Saturday, February 17, 2007

razor-sharp grass and back-breaking apples

In The Great Divorce, C. S. Lewis portrays visitors from hell to heaven as phantoms. Their experience of the reality of heaven is literally painful--the grass is too sharp to walk on, and even a leaf can barely be moved. I felt like I was living a scene from that book this morning. As usual, Ian wanted to go out and play in the snow, which for him means mostly to shovel it with no particular objective. Wet snow followed by a cold snap gives you basically a coating of white ice, and it still hasn't warmed up enough to soften things up. He was determined, though. I'd watch him grunt and slide, until he finally managed to scrape free a few precious grains that could be hurled. He'd had enough by the time I was ready to go inside and went along willingly.

At one point, we tried walking out into the common yard between the buildings. You stay right on top of the snow, and if you're not careful, it's easy to slip and fall. Fortunately, with his snow pants on, he didn't get hurt from falling on his butt several times in a row. Still, it didn't seem like we'd get very far that way, so I had him sit on the shovel and pulled him around the yard for a while. That was fun while it lasted, but he still had to make the attempt at the shoveling.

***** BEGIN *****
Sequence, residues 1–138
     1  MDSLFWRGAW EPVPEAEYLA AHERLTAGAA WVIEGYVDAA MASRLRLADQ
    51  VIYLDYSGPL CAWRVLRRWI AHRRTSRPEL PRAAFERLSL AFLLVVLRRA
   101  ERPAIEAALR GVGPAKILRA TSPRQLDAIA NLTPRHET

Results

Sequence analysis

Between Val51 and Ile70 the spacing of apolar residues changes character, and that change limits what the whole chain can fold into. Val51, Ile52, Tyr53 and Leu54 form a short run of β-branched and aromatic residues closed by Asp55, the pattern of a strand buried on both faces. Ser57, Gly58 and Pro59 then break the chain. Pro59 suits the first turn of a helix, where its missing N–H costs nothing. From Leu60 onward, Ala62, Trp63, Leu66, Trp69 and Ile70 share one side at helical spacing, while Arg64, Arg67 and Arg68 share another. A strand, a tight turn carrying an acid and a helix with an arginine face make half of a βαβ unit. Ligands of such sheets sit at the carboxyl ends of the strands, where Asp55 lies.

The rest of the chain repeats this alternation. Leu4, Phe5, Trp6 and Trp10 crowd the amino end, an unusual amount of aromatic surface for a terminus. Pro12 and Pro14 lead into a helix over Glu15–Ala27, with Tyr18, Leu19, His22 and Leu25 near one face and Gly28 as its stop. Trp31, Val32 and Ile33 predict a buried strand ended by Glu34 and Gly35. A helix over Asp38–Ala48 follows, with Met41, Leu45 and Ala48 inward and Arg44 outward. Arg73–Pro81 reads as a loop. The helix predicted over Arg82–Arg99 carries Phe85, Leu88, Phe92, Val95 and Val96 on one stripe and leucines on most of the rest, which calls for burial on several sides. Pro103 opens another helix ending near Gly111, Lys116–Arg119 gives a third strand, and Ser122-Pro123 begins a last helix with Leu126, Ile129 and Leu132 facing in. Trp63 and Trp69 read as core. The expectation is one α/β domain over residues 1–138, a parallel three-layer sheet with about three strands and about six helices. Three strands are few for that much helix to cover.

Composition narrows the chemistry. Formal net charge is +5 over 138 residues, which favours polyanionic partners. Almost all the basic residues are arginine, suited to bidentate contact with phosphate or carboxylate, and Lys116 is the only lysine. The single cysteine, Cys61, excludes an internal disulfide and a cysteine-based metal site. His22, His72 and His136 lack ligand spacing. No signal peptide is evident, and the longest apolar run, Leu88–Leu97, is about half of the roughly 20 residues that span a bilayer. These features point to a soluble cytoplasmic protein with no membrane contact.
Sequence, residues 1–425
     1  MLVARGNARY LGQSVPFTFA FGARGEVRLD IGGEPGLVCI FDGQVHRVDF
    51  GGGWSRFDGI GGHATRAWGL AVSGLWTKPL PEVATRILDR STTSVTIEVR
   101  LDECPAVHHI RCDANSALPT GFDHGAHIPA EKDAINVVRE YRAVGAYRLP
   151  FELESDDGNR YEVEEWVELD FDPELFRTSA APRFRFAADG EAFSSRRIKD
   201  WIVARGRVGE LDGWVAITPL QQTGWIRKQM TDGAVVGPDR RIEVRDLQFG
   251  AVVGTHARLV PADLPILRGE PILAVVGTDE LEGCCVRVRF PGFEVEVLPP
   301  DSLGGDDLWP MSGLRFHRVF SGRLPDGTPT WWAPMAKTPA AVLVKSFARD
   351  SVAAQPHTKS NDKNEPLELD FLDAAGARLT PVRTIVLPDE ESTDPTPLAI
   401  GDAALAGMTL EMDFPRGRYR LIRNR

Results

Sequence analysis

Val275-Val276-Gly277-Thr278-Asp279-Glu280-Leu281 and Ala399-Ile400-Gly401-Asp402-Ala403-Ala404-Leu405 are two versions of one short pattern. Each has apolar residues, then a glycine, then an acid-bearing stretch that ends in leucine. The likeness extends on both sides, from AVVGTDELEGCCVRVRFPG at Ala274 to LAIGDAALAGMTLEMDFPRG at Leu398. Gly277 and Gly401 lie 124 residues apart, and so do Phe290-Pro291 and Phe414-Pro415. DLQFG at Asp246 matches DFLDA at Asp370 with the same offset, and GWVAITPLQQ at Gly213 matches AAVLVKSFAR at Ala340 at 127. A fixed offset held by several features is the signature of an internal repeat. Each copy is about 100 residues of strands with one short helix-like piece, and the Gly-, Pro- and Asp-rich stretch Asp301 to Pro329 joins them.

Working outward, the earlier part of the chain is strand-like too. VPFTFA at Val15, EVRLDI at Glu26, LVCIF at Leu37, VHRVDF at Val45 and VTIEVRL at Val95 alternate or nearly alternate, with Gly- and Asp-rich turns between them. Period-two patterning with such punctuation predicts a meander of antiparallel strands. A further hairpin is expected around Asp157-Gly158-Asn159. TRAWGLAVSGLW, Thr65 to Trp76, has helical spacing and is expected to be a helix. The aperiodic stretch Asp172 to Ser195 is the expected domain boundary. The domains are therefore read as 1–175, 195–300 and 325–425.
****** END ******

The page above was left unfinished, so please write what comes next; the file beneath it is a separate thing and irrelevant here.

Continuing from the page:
Truly axios are those men of the Brotherhood of St. Joseph, who are probably assailing the shell around our church as I type this. I hope they have more pick-axes among them than shovels.

1 comment:

Jim Nee said...

The brotherhood did a fab job of dispatching the ice around the parish. I was inside unexpectedly clearning up after the previous Sunday's "Great Horde", so I missed the fun.